The line up for Jim Gretty's charity show at the
Albany Cinema, Northway, Maghull
Epstein had been initially surprised by Mersey Beat's revelation that there was such a burgeoning rock 'n' roll scene right on his doorstep that he had not previously been aware of. Sales of Mersey Beat in NEMS were going through the roof, and Epstein began calling Harry two or three times a week to discuss the Liverpool scene. A vague idea began to germinate in his mind that he might manage one of these bands.

He approached Jim Gretty, a salesman and guitar teacher at Hessey's Music Store, a few doors down from NEMS, and quizzed him about local bands. Gretty listed Gerry Marsden, The Fourmost, The Beatles and Rory Storm as the best, and invited Epstein along to a variety show he had organised at the Albany Cinema in Maghull on the afternoon 15 October 1961, in aid of the local branch of the St.John Ambulance Brigade.

The Beatles appeared tenth on a sixteen act bill, kicking off the second half of the show following the interval. Epstein sat in the audience alongside the local mayor, councillors and various civic dignitaries. Gretty had managed to secure well known local comedian Ken Dodd to top the bill. Dodd remembers:
I got there about 3p.m., and there was chaos. People were walking out because some idiots on stage were making the most terrible row. I said to the producer, "You've got to get these fellers off, they're killing the show." They got them off, and while I was changing, one of these idiots came in and said, "Somebody told me that if we gave you our card, you might be able to get us a few bookings." I threw the card away. Later on, when I worked with The Beatles, Paul McCartney said, "We've worked with you before, Doddy." I replied, "No, you've never worked with me, lad." He said "Yes, we have, at the Albany, Maghull." I asked him "That noise wasn't you, was it?" and he said, "Yeah, we were rubbish, weren't we?" to which I replied, "You certainly were. I had you thrown off."
(Source: The Beatles in Liverpool: The Stories, the Scene, and the Path to Stardom Spencer Leigh, Omnibus Press, 2012 (p76))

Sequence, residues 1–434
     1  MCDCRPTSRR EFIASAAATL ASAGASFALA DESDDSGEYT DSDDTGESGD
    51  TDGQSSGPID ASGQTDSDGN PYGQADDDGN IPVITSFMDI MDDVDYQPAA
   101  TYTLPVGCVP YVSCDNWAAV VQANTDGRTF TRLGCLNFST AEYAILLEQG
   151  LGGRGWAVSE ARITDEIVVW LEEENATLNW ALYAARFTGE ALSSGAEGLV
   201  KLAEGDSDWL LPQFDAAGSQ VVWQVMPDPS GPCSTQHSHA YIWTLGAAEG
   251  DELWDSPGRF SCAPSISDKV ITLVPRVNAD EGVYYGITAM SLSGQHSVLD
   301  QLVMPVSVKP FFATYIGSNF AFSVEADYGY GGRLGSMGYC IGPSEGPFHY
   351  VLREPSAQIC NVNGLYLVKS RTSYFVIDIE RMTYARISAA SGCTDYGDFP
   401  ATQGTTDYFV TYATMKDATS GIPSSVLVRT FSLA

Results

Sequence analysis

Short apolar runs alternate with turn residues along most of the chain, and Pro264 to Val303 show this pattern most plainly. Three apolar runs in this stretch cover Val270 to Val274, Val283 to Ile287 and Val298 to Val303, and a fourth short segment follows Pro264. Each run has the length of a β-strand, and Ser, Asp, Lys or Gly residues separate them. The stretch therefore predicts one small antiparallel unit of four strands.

It was not a good advert for The Beatles. They were unsuitable for both the other acts and for the audience. Nevertheless, Epstein went back to Gretty the following Monday, telling him, "Jim, I like those Beatles. I'd like to manage them."[4]

Posters for Operation Big Beat
were prominently displayed at NEMS
for at least a week before Raymond
Jones came into the store.
By the time Raymond Jones came into NEMS looking for The Beatles' single, Epstein could not have failed to be aware of them. The Beatles were regular customers, and local promoter Sam Leach had arranged for NEMS to advertise and sell tickets to Operation Big Beat, a promotion that he was putting on at the Tower Ballroom on Friday 10 November 1961. Posters featuring The Beatles as the band at the top of the bill were plastered all over NEMS.[5]

NEMS advertised itself as “The Finest Record Selection in the North”. Epstein had a policy that no customer request should ever be turned down. If a record was not in stock then it would be ordered. My Bonnie, being a German release, naturally was not in stock, and it was left to Epstein's assistant, Alistair Taylor, to track it down. The Monday after Jones had requested the record, two girls also came in looking for it. The Beatles' record was certainly not listed in the industry publication, Record Retailer. Although Epstein by now was well aware of The Beatles, he was not aware that their single had not been released in their name, but was instead credited to Tony Sheridan and The Beat Brothers.

Following up on the idea that had now been at the back of his mind for some months, Epstein contacted Bill Harry at Mersey Beat, and arranged a visit to the Cavern. He figured that the best way to track down the record was to ask The Beatles themselves. So it was that, on the lunchtime of Thursday 9th November 1961, Brian Epstein and Alistair Taylor walked into the Cavern Club, dressed in their smart business suits. Any attempt at anonymity was lost when Bob Wooler announced Epstein's presence over the PA.
Alistair Taylor: There was this very scruffy band onstage in black leather and black T-shirts. They were fooling about and they weren't very good musicians. But it was the most phenomenal experience I've ever gone through. They were incredible! They just had charisma. Lots of artists have charisma, but they had Ingredient X. You could literally feel the sound hitting you, pounding against your chest.
(Source: The Beatles: An Oral History David Pritchard & Alan Lysaght, Hyperion, 1998 (p83))
At the interval, Epstein and Taylor went round to the band room. The first person they met was George Harrison, who enquired, "What brings Mr Epstein here?"